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County Raises Bed Tax to 4%, a Victory for Milissa Holland’s Tourism Marketing Thrust

| October 18, 2010

milissa holland tourism in Flagler county

County Commissioner Milissa Holland considers tourism a centerpiece of Flagler's mixed-use future. (© FlaglerLive)

Flagler County’s bed tax will increase from 3 percent to 4 percent beginning Jan. 1, raising projected revenue for marketing and advertising the county’s tourism from roughly $453,000 this year to $728,000 next year. Overall, tourist tax revenue will rise from $824,000 this year to $1.1 million next year.

“We have an untapped resource in this community, and that is our tourism,” County Commissioner Milissa Holland said late Monday evening, more than four hours into a commission meeting. She was on the verge of one of her biggest victories in her dual role as a county commissioner and as chairperson of the Tourist Development Council. People pay the bed tax when they stay in hotel rooms, RV parks and in short-term rental properties.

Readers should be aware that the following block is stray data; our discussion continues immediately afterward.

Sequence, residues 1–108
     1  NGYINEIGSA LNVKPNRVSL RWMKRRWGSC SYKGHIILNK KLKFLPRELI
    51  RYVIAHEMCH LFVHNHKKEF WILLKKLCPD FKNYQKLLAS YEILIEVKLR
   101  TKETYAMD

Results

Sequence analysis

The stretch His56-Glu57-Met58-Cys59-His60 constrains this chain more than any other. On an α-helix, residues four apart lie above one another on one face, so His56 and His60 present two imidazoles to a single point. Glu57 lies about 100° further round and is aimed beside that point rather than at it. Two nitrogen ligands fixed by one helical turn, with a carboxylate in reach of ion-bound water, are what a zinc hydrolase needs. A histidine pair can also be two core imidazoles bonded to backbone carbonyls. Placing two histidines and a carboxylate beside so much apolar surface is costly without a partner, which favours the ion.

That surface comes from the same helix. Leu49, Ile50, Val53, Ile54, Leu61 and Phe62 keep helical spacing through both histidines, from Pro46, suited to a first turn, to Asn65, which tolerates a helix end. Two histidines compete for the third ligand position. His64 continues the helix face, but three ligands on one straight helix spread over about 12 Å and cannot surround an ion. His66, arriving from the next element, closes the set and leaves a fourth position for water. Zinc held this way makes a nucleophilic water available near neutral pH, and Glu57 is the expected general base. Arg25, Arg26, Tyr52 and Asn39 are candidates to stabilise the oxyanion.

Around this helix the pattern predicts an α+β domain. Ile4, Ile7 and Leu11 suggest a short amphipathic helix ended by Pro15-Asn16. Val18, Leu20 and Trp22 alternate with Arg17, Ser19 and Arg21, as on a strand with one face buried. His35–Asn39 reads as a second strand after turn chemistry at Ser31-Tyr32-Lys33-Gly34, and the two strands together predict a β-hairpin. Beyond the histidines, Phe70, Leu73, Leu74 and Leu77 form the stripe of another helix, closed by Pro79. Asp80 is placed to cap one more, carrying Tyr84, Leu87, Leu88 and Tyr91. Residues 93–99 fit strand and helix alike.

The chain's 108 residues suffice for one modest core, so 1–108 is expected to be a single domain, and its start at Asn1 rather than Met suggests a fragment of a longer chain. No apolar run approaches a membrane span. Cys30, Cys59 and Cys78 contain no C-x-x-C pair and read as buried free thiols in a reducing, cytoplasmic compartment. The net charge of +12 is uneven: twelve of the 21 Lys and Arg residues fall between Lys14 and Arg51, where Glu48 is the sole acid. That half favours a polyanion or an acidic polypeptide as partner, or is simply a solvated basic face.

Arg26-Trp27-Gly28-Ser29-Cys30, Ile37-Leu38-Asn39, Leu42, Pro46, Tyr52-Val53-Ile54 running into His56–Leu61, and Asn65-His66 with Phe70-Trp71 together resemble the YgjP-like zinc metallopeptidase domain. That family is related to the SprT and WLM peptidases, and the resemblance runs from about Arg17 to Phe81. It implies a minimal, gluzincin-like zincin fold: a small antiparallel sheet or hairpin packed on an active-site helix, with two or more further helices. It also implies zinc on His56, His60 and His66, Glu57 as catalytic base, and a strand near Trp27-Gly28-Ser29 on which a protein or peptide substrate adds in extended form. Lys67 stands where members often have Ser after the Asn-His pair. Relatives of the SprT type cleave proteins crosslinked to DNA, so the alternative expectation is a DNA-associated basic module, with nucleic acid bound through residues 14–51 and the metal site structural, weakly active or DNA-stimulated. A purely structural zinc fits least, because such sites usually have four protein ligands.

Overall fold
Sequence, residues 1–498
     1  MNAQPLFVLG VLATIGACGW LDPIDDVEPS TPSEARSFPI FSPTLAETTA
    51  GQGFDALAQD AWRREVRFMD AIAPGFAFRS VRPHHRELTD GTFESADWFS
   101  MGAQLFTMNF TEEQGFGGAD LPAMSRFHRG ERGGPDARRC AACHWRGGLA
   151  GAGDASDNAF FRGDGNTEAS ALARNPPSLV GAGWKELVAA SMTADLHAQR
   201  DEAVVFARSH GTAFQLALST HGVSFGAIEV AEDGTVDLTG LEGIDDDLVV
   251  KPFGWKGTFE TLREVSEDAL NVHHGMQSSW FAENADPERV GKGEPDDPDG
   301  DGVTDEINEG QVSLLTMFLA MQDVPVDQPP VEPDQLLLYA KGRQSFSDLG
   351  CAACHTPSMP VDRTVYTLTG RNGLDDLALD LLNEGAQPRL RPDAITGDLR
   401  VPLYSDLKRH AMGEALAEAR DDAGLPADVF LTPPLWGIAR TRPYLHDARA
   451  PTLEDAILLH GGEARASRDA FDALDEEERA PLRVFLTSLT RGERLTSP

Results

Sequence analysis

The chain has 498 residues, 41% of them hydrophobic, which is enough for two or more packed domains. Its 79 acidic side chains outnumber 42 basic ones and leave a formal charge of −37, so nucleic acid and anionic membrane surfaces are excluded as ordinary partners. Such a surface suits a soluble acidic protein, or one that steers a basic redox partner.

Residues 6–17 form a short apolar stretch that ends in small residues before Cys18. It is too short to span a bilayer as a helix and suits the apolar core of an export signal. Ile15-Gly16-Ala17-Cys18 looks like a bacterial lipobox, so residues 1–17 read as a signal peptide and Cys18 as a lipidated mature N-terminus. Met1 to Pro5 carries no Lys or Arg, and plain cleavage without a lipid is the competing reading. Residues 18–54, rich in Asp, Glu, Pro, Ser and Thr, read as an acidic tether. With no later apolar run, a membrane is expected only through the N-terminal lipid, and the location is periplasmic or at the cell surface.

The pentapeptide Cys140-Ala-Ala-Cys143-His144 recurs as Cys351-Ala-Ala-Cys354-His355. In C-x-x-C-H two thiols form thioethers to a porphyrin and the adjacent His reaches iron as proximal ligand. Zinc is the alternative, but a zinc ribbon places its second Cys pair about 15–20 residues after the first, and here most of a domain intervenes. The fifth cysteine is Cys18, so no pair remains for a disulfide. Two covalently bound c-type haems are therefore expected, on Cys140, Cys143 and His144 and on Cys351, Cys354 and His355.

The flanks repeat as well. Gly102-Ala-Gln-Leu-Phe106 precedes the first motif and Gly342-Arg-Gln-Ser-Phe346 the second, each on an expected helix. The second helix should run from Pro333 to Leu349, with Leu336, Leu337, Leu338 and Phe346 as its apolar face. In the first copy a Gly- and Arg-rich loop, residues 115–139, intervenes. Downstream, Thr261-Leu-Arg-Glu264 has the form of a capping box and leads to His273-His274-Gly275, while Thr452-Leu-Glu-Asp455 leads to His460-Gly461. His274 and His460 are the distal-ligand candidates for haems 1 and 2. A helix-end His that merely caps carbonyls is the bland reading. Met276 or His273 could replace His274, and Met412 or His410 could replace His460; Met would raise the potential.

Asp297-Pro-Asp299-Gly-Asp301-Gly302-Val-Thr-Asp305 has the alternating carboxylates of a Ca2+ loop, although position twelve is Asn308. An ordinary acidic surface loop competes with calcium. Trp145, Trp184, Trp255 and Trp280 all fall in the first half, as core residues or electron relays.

Holland sprang the increase on the tourist council in August as the second prong in a two-pronged approach to pushing tourism closer to the center of the county’s economic development efforts. If tourism is to grow, it has to be marketed, she argued, and marketed more than it has been. Current marketing efforts are paying off, Holland says: tourist tax revenue locally is up 14 percent over last year, while it’s down in other parts of the state (actually, not in every part). “So it’s worked. I think the momentum is there,” Holland said. She wants to build on it.

Not so, Commissioner Barbara Revels said, Revels. “We need to stay the course and not raise taxes. I just am greatly opposed to this. I think there are other ways” to bring in money, namely through better enforcement of short-term rental tax payments.